In his first session with reporters since Amnesty International published a report accusing his government of human rights atrocities against political dissidents, Syrian dictator Bashar al-Assad said he would immediately step aside if he lost an election.
“If the Syrian people choose another president, I don’t have to choose to be aside; I would be aside,” Assad told Belgian reporters in Damascus, according to a transcript published by the state news agency SANA.
The interview touches most of the major topics Assad addresses in regular interviews: His insistence that the United States aided the Islamic State, his cautious optimism towards President Donald Trump, and his assurances that he will step down if Syrian people want him to. The latter he reiterated in response to a reporter who noted that, as someone in their 40s, they have never lived through a period in which Syria was not governed by an Assad. Hafez al-Assad, Bashar al-Assad’s father, ruled Syria from 1971 until his death in 2000.
“We don’t own the country, my family doesn’t own the country,” Bashar told the reporter. “President Assad didn’t have an heir in the institution to be his successor,” he said of his father, noting that he was working as an ophthalmologist during his father’s term, not in the Syrian government. “He died, I was elected, he didn’t have anything to do with my election,” Assad insisted. “When he was president, I didn’t have any position in the government. If he wanted me to be an heir, he would have put me somewhere, gave me a responsibility.”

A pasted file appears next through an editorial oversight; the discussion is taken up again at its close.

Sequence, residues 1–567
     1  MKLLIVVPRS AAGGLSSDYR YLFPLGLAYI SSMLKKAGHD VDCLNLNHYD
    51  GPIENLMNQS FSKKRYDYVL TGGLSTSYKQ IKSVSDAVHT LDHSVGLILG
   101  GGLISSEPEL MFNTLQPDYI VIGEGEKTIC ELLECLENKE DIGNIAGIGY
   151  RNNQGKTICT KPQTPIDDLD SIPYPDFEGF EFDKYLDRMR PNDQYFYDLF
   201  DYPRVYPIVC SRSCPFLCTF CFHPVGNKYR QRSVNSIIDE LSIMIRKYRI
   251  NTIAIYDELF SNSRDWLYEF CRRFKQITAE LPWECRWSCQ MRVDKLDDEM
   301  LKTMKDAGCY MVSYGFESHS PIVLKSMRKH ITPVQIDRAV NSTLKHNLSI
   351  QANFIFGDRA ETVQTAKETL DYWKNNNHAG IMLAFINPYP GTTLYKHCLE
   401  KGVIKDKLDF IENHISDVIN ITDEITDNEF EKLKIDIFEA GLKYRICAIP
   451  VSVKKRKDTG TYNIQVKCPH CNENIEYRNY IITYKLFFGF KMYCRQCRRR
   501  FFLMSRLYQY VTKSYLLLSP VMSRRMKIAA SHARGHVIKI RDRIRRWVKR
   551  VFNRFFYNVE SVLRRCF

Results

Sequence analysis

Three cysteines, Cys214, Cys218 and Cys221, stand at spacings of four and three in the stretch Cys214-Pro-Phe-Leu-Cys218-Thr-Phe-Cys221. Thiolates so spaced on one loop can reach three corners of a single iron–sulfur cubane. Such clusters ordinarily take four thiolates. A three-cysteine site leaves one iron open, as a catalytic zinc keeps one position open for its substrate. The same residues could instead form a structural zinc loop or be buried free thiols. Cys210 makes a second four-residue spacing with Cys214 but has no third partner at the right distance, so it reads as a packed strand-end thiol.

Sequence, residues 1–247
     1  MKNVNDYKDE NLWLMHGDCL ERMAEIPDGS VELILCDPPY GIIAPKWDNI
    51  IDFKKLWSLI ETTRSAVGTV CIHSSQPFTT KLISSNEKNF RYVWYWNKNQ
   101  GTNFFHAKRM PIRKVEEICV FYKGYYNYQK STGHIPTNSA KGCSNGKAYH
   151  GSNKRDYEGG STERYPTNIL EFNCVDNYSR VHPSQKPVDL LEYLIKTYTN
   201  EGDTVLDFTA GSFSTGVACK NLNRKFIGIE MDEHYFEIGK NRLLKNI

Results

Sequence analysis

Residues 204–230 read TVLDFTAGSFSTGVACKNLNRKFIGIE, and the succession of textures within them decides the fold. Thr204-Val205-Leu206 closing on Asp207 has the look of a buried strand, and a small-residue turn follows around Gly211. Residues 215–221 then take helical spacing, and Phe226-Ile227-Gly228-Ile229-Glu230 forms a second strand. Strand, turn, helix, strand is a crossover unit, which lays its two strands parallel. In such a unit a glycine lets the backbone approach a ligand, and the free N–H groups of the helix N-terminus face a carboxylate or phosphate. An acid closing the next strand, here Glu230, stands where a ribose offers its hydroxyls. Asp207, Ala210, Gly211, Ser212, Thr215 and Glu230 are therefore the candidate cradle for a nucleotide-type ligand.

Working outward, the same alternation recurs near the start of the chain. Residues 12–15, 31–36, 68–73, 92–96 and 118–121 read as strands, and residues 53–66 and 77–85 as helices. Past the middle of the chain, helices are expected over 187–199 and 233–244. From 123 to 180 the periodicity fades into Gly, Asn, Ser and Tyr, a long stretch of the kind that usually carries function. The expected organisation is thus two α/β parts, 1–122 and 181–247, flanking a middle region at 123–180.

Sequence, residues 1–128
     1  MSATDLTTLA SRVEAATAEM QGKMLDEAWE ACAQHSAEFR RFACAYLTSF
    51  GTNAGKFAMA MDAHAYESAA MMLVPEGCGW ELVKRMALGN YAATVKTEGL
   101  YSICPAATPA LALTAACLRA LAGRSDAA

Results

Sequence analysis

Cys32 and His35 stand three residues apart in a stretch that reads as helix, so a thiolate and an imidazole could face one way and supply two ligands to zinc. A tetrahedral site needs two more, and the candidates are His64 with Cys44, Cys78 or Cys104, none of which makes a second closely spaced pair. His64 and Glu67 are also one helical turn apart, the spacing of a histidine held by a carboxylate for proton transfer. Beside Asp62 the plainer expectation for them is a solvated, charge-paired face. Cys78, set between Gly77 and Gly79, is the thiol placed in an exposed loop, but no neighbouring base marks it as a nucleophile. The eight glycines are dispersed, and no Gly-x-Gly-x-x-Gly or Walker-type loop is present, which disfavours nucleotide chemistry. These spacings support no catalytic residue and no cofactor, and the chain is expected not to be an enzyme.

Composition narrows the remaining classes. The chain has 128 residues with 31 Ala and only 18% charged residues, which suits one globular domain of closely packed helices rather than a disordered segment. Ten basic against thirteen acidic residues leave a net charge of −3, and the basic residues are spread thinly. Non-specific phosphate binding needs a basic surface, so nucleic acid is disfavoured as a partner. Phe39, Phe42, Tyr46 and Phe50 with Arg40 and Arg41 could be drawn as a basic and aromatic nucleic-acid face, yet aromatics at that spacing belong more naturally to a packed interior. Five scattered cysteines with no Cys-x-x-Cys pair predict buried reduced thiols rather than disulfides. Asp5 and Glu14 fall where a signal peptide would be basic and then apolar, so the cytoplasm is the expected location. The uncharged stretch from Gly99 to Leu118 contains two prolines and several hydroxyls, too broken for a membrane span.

Assad was reelected to the presidency in 2014 with 88.7 percent of the national vote, in an election that a number of international observers, including then-U.S. Secretary of State John Kerry, called a “sham.” The election occurred as Syria entered its third year of civil war, and many of the most war-torn areas of the nation were not equipped with the proper tools to hold a free and fair election. The areas most affected by the war were rebel-held areas like the city of Homs, meaning those most likely to vote against Bashar were also likeliest to live in areas where they could not vote.
Assad’s assertion that he would leave the presidency if he lost an election is not new. A month ago, he told reporters he was willing to negotiate “everything” to end the Syrian civil war, even his position as head of state. Reports have circulated for years that even Assad’s allies have attempted to persuade him to hold elections, however, with no action out of Damascus. Assad’s claims that Syria is “much better than before” the civil war also fail to lend credence to the idea that his claim of being comfortable with leaving office is sincere.
Assad has reason to once again make public claims that he believes in democracy, however, thanks to a new Amnesty International report published this week. The report focuses on the activities in Seydnaya prison between 2011 and 2015 when the group claims Syrian officials hanged 13,000 people and tortured countless others. The report details extreme violence including guards forcing prisoners to rape each other for their amusement, severe beatings, and being lied to about their death sentences until shortly before hanging. The report concludes these activities occurred with permission from the head of state.
Assad did not address human rights concerns in his discussion with journalists this week. He instead reiterated his claims that the European Union and NATO are “destroying Syria,” that the United States had “bad intentions” with Syria upon aiding rebels trying to topple the Assad regime, and that he is willing to work with the Trump White House.